Landmark of Monarchic Beauty and Extravaganza
It’s difficult for us to imagine that the most recognized palace in the west, the symbol of absolutism, was once a humble private residence. It was in these northern lands of France that, on August 24, 1607, King Louis XIII arrived to explore the woods that were teeming with pheasants, wild boars, and deer at the time. In 1623, he decided to build a hunting lodge, which opened its doors in 1624. Maréchal de Bassompierre, a French courtier, upon gazing at the building, dismissed the residence as one that, “a mere gentleman would not have been overly proud of its construction.” In 1632, Louis decided to rebuild it. But it wouldn’t be until 1634 that the foundations of the palace that we know today would be laid.
The Sun King
Circumstances changed radically when Louis XIV came to power. The young King felt an immediate attraction for Versailles, and contemplated a construction project vastly bigger than the one undertaken by his father. The first phase of expansion was designed and supervised by the architect Louis Le Vau. Le Vau added two wings to the esplanade: one would serve as kitchen and housing for servants, and the other as a stable. In 1688, three new wings were built, and the palace’s grounds were tripled. Decorations took a sharp turn towards themes of Apollo—the sun god and the king’s personal emblem—and it became an omnipresent aspect of Versailles. Due to his love for gardens, Louis XIV orders their enlargement and has them decorated with sculptures by artists such as François Girardon and Le Hongre.
Le Vau was inspired by Italian models for the construction of what would be known as “The New Palace.” The Italian renaissance continued to have a huge impact on French architecture. Its Baroque style is characterized by its extravagance, which directly appealed to Louis XIV. The western façade was outfitted with a colossal terrace which connected the King’s pavilion, to the north, with that of the Queen, to the south. The King’s Chamber was built in the heart of the palace, a way of announcing that all would revolve around him.
In 1670, Le Vau dies, and Jean-Baptiste Colbert, the Minister of Finance, tasked architect Francois d’Orbay to continue with the construction. In quick succession, d’Orbay built fourteen new mansions to accommodate the growing number of courtiers. It was in 1677 when the king decided to personally manage the state’s affairs from Versailles, and to centralize his administration in the palace. Architect Jules Hardouin-Mansart was forced to draw up new projects for the relocation of the court that year.
Between 1678 and 1684, the iconic Hall of Mirrors was built with the purpose of dazzling the King’s guests—a masterpiece of Baroque design, 73 meters long and 10.50 meters wide. 17 windows would allow natural light to stream in and reflect on the 357 mirrors placed facing one another. It was an instant sensation: for the first time, guests could contemplate their full bodies.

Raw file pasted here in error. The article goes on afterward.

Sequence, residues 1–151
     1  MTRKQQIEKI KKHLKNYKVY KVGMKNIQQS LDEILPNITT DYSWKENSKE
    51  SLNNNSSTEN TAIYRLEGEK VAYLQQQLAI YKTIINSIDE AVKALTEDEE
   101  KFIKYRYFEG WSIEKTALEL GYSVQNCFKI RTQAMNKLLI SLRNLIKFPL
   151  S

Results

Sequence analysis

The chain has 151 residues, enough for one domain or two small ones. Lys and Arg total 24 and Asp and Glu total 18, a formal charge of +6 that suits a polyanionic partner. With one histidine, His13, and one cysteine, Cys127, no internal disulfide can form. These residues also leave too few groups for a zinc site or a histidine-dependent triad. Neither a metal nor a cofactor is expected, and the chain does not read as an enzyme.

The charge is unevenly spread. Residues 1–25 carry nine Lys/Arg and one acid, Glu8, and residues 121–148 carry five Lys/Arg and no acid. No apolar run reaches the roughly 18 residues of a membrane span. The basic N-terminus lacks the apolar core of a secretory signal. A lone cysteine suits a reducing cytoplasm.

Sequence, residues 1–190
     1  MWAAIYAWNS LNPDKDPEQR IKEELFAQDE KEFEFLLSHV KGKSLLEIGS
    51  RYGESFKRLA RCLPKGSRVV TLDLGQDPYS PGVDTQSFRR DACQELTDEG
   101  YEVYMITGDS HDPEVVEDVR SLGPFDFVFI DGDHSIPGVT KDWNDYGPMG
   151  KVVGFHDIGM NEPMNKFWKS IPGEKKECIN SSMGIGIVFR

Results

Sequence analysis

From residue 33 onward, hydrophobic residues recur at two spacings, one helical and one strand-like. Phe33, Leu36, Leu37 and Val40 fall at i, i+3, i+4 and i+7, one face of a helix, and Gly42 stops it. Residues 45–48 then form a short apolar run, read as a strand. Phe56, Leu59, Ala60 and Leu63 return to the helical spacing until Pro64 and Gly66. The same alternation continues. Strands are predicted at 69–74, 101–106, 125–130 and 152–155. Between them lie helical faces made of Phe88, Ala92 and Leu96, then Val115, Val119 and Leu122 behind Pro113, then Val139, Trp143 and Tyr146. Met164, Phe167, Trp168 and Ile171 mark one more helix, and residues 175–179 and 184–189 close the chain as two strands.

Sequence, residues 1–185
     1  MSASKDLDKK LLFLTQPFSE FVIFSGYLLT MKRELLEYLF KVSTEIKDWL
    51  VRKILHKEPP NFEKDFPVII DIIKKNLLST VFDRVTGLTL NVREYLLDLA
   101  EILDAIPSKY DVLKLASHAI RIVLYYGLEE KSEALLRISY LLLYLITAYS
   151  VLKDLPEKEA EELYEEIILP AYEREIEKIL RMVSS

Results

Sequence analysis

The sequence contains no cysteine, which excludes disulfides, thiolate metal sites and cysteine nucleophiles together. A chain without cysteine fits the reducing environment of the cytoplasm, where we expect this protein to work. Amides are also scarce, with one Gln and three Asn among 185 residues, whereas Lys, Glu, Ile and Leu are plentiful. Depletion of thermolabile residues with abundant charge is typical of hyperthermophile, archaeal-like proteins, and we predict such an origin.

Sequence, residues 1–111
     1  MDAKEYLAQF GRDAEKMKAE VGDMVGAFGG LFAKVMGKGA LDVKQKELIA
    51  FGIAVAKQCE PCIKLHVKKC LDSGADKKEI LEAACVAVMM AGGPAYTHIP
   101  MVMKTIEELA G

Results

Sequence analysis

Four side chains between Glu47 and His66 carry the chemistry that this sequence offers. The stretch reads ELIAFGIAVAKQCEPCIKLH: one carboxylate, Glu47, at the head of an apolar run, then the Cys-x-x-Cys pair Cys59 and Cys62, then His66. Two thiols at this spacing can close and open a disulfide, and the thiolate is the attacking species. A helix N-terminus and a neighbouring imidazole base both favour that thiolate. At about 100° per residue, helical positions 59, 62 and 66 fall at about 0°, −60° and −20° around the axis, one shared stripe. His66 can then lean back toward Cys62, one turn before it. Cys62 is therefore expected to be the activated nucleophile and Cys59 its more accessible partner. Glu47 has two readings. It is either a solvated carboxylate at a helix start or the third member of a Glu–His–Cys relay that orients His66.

A bona fide construction fever paved the way for the expansion of The Orangerie between 1685 and 1689—where 3,000 shrubs and 150,000 ornamental seeds were planted—in addition to new stables The Grand Canal, and another northern wing for courtesans. The palace’s façade measured 670 meters at this point. It wouldn’t be until 1710, with the completion of the Royal Chapel, that Louis XIV dominion over the palace would begin to fade. Assailed by multiple aliments, he would gradually retire from court life until 1715, the year of his death, which put an end to the “Great Century.”
Grand Versailles: Cultural Patrimony
The palace never shone as brightly again. Louis XV was a mere boy when his great-grandfather, the Sun King, died, and Philippe II, Duke of Orleans, the Regent, left Versailles with the future King and made the Palais-Royal in Paris his home. The court was moved to Tulle. At this point, Philippe even considered demolishing Versailles.
When Louis XV was twelve years old, he returned to the palace. But unlike his great-grandfather, he felt no great affection for it, and would retire to some of the smaller chambers. He enacted a series of reforms which would lead, first and foremost, to the demolishment of the Ambassador’s Staircase. The only notable constructions during this period were the Salon of Hercules, the Opera, and the Petite Trianon.
Although the palace preserved its splendor during this era, the reign of Louis XV saw the demo- lishment of many of Louis XIV commissions. However, the King was responsible for numerous decorations deemed magnificent, and for enriching the gardens, and commissioning the French Pavilion in the Petite Trianon.
After the revolution, the palace was overrun by the mobs and Versailles was abandoned. After the fall of the monarchy in 1792, it was sacked. Napoleon toyed with the idea of converting it into an imperial palace, but the ongoing war kept him away from France. It wasn’t until King Louis-Philippe tasked Minister Camile Bachsson to turn Versailles into a museum that Versailles was newsworthy again.
In 2003, a new restoration initiative, known as the “Grand Versailles” project, restored over 10,000 trees and other damages sustained by Hurricane Lothar. In 2006, the Hall of Mirrors was also restored. Today, the palace is administered by the French Minister of Culture and Communications and is visited by over three million people a year.O
Château de Versailles
Text: Andrés Ordorica ± Photo: © CHÂTEAU DE VERSAILLES ,THOMAS GARNIER / TAMMY LO / MARA GARCIA DE JUAREZ / CULTURA OCIO / BDT / 4 EVER / CREATIVE COMMONS / FABIEN